Within the framework described above, we assessed the seed-dispersing ability of three species with different body masses and seed-processing methods feeding in similar habitats. We hypothesised that the larger-bodied seed predator ingesting whole seeds (Grey Partridge Perdix perdix, ca. 400 g) would be a better seed disperser (transporting a larger number of seeds) than two smaller bunting species, which crush the seeds with their bills before swallowing them (Yellowhammer Emberiza citrinella, ca. 30 g; Reed Bunting E. schoeniclus, ca. 19 g). All three species make up a considerable percentage of the autumn-winter community of avian granivores feeding on/using crop fields in Europe (Moorcroft et al. 2002; Orłowski 2006; Kasprzykowski and Goławski 2012), and their diets consist primarily of seeds of various arable weeds (Cramp 1998; Holland et al. 2006; Orłowski and Czarnecka 2007; Orłowski et al. 2011, 2014). Therefore, an assessment of the contribution to ecosystem services provided by these birds, in the context of weed seed predation/dispersal or the seasonal depletion of seed resources as a result of consumption (sensu Pinowski and Wójcik 1968; Robinson and Sutherland 2000; Marone et al. 2000; Holmes and Froud-Williams 2005), is highly desirable. Such an approach to ecological studies is strongly advocated nowadays (cf. Sekercioglu 2006; Wenny et al. 2011), especially in the context of the observed dramatic declines in seed-eating bird populations because of agricultural intensification (Panek 2005; Butler et al. 2010; PECMBS 2011), and the resulting overall decline of ecological services provided by birds (Sekercioglu 2006; Wenny et al. 2011). In this work we analyse the structure of the seed pool present in faecal samples of these three granivores; special attention is paid to the habitat used as the feeding site and the features of seeds that enhance the probability of surviving ingestion. These features of seeds are similar to those needed to create a persistent soil seed bank, i.e., a low mass (<3 mg) and compact shape (Thompson et al. 1993; Pakeman et al. 2002). Furthermore, we hypothesised that the total number of intact seeds and the probability of the recovery of at least one intact seed in the faecal samples would be related to the amount of droppings expressed as their total number or total weight. We assumed that the amount of droppings is likely to be related directly to the total volume or biomass of ingested plant food, both within and among the three target species.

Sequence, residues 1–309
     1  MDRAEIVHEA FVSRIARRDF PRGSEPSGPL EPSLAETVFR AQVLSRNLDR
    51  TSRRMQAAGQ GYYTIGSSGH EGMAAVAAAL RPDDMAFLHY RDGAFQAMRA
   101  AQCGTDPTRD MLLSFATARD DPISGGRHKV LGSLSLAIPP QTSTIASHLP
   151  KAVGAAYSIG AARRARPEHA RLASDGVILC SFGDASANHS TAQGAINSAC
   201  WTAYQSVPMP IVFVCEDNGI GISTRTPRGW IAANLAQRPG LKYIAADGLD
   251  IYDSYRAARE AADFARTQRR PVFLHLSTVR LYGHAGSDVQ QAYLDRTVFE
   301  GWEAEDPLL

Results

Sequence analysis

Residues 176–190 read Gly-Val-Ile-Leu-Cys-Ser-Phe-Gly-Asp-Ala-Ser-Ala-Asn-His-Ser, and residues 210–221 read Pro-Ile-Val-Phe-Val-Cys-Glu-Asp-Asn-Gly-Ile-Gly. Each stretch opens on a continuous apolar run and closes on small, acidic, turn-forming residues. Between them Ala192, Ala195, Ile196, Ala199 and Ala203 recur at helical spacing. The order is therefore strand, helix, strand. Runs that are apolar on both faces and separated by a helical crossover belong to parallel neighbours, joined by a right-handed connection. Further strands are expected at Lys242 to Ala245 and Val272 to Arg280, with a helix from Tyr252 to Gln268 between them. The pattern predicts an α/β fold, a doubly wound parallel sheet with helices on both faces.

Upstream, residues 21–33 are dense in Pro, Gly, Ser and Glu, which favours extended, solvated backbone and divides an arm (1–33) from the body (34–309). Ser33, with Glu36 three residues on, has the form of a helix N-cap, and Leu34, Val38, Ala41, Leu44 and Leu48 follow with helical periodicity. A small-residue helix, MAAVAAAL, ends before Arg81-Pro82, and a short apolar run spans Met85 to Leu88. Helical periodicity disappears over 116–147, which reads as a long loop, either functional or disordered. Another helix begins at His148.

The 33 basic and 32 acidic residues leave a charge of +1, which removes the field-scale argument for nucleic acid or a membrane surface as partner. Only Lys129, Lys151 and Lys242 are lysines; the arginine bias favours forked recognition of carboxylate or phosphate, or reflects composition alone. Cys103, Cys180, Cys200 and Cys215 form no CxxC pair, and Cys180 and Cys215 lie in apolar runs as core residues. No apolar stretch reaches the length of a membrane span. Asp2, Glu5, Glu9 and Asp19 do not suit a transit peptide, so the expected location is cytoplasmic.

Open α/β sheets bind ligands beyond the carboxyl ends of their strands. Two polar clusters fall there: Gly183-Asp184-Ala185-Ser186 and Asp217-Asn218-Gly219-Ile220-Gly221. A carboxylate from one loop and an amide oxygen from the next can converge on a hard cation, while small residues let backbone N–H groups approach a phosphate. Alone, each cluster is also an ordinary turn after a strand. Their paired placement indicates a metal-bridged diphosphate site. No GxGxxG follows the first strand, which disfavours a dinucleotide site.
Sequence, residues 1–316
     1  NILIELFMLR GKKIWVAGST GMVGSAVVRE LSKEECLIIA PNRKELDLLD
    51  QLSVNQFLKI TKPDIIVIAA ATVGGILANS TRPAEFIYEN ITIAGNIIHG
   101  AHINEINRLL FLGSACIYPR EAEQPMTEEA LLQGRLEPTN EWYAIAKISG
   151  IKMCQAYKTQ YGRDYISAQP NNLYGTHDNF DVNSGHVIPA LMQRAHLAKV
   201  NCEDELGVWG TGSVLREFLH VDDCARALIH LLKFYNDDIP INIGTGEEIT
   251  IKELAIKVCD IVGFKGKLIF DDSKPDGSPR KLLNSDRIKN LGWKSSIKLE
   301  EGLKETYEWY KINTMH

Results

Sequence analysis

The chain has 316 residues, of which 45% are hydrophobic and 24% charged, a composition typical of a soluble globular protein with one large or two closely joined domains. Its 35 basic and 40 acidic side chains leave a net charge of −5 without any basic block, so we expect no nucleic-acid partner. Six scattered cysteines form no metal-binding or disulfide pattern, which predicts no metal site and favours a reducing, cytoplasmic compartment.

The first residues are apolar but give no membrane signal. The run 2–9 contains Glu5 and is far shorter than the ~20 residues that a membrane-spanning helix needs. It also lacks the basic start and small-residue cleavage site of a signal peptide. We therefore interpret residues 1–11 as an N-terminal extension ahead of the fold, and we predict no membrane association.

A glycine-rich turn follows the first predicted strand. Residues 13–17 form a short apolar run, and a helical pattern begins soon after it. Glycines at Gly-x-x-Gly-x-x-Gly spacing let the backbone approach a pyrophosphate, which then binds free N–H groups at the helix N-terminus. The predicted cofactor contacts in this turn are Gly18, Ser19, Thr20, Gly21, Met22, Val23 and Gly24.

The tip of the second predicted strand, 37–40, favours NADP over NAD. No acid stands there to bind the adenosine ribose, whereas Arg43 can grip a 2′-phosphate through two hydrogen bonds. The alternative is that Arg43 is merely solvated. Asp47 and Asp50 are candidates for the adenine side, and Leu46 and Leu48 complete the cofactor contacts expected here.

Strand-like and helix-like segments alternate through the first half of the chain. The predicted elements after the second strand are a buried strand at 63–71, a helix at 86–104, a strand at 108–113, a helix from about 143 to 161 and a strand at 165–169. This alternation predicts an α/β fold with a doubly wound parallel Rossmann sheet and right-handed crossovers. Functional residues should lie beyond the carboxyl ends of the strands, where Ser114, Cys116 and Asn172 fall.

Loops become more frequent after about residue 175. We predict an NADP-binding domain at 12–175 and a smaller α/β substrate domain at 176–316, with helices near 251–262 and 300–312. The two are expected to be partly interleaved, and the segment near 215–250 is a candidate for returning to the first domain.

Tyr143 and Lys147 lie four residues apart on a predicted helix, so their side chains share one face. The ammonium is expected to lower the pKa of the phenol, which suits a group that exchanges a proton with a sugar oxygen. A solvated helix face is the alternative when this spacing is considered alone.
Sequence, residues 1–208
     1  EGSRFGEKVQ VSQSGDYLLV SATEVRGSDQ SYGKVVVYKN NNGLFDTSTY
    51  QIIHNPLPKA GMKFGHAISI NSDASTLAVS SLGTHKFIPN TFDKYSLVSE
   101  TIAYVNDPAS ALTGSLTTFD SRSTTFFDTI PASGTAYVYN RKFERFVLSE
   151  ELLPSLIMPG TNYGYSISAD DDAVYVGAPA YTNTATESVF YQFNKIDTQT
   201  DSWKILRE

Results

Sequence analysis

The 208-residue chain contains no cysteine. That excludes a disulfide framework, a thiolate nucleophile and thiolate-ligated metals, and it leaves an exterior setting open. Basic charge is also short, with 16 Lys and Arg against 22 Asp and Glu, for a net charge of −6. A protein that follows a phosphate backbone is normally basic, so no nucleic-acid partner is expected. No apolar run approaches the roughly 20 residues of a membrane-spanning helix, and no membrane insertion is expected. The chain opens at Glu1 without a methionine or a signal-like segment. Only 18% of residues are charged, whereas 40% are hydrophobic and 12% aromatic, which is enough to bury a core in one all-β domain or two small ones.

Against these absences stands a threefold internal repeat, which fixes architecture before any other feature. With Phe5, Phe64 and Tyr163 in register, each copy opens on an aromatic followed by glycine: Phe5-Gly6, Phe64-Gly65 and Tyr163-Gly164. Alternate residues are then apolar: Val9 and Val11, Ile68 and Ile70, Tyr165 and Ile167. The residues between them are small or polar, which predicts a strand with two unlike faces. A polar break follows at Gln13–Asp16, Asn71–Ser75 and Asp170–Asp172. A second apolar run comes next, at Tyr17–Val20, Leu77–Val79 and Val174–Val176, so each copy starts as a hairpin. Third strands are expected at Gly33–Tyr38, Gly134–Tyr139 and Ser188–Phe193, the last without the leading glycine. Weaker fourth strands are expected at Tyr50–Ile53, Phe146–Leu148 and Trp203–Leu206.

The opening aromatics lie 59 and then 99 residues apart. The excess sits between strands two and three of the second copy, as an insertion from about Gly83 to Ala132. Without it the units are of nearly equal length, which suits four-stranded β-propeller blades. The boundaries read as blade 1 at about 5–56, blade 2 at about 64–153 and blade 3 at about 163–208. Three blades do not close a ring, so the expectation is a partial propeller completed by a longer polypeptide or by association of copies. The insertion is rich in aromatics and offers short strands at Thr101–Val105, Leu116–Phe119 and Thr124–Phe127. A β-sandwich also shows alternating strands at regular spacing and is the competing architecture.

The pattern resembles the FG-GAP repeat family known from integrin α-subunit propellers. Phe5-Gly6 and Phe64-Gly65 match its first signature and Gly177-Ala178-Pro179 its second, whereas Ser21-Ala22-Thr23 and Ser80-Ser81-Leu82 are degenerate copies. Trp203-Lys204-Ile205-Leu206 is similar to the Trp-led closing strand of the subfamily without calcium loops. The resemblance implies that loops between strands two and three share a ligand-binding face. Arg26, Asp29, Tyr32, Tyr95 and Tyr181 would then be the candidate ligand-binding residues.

Materials and methods

Study sites

The study was conducted in a lowland agricultural landscape in Poland. The area is characterised by a temperate continental climate with a large temperature amplitude between summer, June–September (high; monthly average +15 °C), and winter, December–February (low; <0 °C). Droppings were sampled during autumn and winter (November–February) between 2002 and 2013 in various habitat types typical of the agricultural landscapes of central Europe that serve as feeding grounds and nocturnal roosts for the three target granivorous birds: winter crop fields (cereals and oil-seed rape), stubble fields (including fields left unploughed following maize cultivation and abandoned grasslands), ploughed fields (with no vegetation), meadows (on wetland sites), fallow land (including land not farmed for several years at least and now covered by permanent vegetation) and manure heaps (sites where various amounts of pig and cattle manure are periodically stored). The flora of the sample sites was diverse, although weed communities characteristic of each cultivation type were present. Geranium dissectum, Galinsoga parviflora, Galinsoga ciliata and Stellaria media occurred in low densities in the winter cereal and winter oil-seed rape fields; Amaranthus retroflexus, Chenopodium album, Setaria viridis and Polygonum aviculare were present in high densities in the stubble fields.

Sample collection and processing

We collected droppings from 79 feeding or roosting sites (hereafter, one site is treated as a single sample): 36 samples (1162 droppings) of Grey Partridge faeces, 17 samples (999 droppings) from Reed Buntings and 26 samples (624 droppings) from Yellowhammers (Appendix Table 3). In the case of the two buntings, droppings were collected after direct observation of birds defecating so as to prevent misidentification. As partridge droppings are very characteristic, we were able to recognise and collect them directly from the ground, even if no bird had been observed before. Prior to the collection of some droppings on private land we obtained permission from the owners of some fields; some droppings were collected from public places (such as road verges). All the droppings analysed in this study were collected during earlier field studies aimed at determining the dietary composition of the three target bird species; more details of the specific location of the study of individual species will be found in the references cited below. The droppings were dried, weighed and stored at 20 °C until analysis. To evaluate the dietary composition and presence of seeds/dry fruits (hereafter, the term “seed” will be used to refer to both seeds and dry fruits), all the Reed Bunting droppings were analysed (results published in Orłowski and Czarnecka 2007; Orłowski et al. 2013). In the case of Grey Partridge 0.5 g (ca. 4 droppings) from each sample and in the case of Yellowhammer 0.2 g (ca. 10 droppings) were analysed to evaluate the dietary composition of the faecal sample per site.